A quality indoor soccer ball needs to have a few important elements. First a ball is only as good as the foot that moves it! So let's hope you have at least a touch of skill in those feet. Other than that you want to be looking for these qualities in a good indoor soccer ball:
1. Stick to the classics and name brands - See what the top leagues in the world use and get a version of that one for starters. If that's not a a choice you can never go wrong with an Adidas or Nike.
2. Tight stitching - Make sure the seams are sewn tightly or the ball will start coming apart in no time.
3. Good weight to it - you can usually tell a cheap ball by it being overly light so make sure it has some good density to it.
4. Shape - if when you're buying it you see it's shape is a little warped or off imagine what it's going to be like after playing with it for a couple weeks.
Yes of course the giant tennis ball that we see indoors sometimes, why oh why do they exist? Well there are a couple of reasons these ball are still kicking around. First they are supposed to be more durable then an average size 5 outdoor ball, the thought is there is more wear and tear on a ball indoors then outdoors. This makes sense considering more touches, more shots and more rubbing up against the turf more frequently. Another reason is it is safer if ever getting hit in the body or head, especially if it has been hit off the boards on an indoor field and comes flying back at you (we've all been there).
So to summarize although it may look like it should be at Wimbledon this indoor ball has a few benefits such as:
1. Lasts longer (this thing could survive a nuclear attack the way it's built)
2. Safer (having a ball shot at you or rebound off the boards in your head feels a lot better with this ball then anything else)
3. More suitable for indoor soccer (softer touch because of the material and less bounces along the ground when passing from player to player)
Your typical indoor soccer ball is a size 5. You may see other sizes such as size 4 and 3 for youth leagues and ages under 12 bouncing around but any serious 14+ league or team training should only have indoor size 5 balls. The size of the indoor field or whether it's 6v6, 5v5 or 4v4 should not change the ball size, we are still looking at a size 5 ball for all number and field variations.
The simple answer is yes. Most balls that you use indoor you can use outdoor assuming they are the same size. Now if you're using a Futsal ball (size 4) playing with it outdoors won't work so well, not only because of it's size but also it's weighted to not bounce as much.
If you're playing in an indoor league on turf then most of those balls are a size 5 and can work just fine both indoors and outdoors. Just try and stay away from Futsal balls, mini balls and those furry tennis ball looking indoor balls and you should be fine.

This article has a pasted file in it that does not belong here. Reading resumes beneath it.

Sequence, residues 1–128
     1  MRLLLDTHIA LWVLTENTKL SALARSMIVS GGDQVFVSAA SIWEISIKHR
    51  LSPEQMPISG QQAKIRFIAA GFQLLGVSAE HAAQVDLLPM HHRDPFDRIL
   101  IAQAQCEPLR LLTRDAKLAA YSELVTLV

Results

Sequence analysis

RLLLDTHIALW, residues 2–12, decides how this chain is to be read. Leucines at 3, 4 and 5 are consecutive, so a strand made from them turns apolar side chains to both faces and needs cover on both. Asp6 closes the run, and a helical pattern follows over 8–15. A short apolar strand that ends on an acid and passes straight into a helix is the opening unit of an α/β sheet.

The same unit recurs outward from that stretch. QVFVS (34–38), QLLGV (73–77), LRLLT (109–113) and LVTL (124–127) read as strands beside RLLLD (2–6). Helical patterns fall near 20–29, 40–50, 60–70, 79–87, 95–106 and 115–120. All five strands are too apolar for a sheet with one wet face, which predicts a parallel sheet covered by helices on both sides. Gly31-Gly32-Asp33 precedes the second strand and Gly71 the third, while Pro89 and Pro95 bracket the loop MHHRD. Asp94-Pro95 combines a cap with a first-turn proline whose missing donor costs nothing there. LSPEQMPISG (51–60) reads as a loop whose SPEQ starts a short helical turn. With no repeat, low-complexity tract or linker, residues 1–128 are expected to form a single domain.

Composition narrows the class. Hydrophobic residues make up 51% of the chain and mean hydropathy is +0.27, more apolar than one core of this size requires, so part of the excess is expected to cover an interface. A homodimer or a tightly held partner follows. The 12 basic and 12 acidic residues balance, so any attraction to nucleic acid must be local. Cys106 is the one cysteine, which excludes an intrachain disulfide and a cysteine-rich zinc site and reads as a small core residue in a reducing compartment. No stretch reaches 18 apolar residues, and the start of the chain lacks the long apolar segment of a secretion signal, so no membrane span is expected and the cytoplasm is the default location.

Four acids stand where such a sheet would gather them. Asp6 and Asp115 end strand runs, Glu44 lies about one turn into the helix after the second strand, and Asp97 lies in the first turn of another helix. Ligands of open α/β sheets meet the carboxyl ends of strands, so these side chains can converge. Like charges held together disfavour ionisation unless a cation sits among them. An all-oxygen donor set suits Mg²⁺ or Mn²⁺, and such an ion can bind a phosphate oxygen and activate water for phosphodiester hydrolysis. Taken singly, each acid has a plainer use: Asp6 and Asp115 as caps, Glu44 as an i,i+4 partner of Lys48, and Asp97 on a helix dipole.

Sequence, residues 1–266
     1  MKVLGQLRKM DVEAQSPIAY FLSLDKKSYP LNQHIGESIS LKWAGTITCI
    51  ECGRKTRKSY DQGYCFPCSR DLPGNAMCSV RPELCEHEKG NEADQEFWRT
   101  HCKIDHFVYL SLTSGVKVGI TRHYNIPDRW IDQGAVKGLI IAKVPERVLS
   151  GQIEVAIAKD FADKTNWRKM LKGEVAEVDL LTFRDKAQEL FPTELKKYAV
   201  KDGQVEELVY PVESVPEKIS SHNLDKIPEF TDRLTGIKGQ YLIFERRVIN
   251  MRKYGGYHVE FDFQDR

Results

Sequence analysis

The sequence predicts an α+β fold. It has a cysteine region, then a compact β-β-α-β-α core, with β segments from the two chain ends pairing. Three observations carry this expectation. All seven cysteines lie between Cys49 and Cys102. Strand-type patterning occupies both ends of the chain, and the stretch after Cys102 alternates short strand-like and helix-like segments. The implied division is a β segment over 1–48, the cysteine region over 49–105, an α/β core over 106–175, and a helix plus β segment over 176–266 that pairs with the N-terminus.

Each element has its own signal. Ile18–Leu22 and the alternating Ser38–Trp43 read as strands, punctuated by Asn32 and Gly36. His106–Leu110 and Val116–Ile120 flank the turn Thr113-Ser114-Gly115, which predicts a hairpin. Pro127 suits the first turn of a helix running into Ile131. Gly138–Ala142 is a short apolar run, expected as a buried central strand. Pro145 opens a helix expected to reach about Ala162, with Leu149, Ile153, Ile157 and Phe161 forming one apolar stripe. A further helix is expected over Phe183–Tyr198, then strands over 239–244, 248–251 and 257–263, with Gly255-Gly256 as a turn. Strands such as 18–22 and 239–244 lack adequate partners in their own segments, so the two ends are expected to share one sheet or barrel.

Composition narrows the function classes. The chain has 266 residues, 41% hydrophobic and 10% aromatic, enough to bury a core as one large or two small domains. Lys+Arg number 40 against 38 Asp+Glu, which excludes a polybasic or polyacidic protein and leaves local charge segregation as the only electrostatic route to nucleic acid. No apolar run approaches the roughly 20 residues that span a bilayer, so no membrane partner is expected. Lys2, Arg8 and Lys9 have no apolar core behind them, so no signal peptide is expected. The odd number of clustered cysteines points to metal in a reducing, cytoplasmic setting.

1. Brighter does not mean better - Just because it has these neon colours and graphics all over the ball doesn't mean it's a quality indoor ball, choose based on reliable named brands, quality materials and yes of course price! You get what you pay for in life!
2. Fancy gimmicks - Be careful of fancy add ons that don't have any bearing on the balls effectiveness. Things like the ball having a built in pump, a chip in the ball that tells you how you've hit it (I'll give you a some fancy chip feedback, how about in the goal is good, over the fence is bad!), swerve zone or anything else that doesn't involve the quality materials, shape and brand of the ball.
3. Non-name brand balls - Please stick to Nike, Adidas and Puma. I know your uncle made this great new ball in his basement and your grandfather used to play with this one type of ball from Italy when cracker jacks were a nickle but there's a reason these brands are used in the top leagues and world cups.
4. Old overstock balls from recent competitions - Be careful of buying old world cup or euro cup balls that may been laying around for awhile that are offered at lower price. Sometimes these are given away in bulk as promotional gifts and may not be the authentic ball or have been stored for long periods of time.
5. Buying online - I'm not saying don't do it but if you are go into a store first and try out a couple balls then go buy it online. There's nothing like feeling it, passing and and seeing if you like everything about it before buying.
The two biggest factors in a ball deflating is the amount of impact the ball gets from passes, shots, saves etc and the weather. An indoor ball obviously has more touches on it with the small space and constant action but has less weather elements due to the fact that it is in a controlled indoor environment. So depending on what country you are in it really depends but generally the answer is NO! Outdoor balls typically deflate faster because of the effect weather has on them.
3 Ways to Avoid an Indoor Ball From Deflating:
1. Try not to store it outdoors (garage, backyard or car), keep it indoors if possible. This will keep the air in it longer and will help with the fluctuations of temperatures which will deflate the ball quicker or give it that hard flakey feel to the outer shell.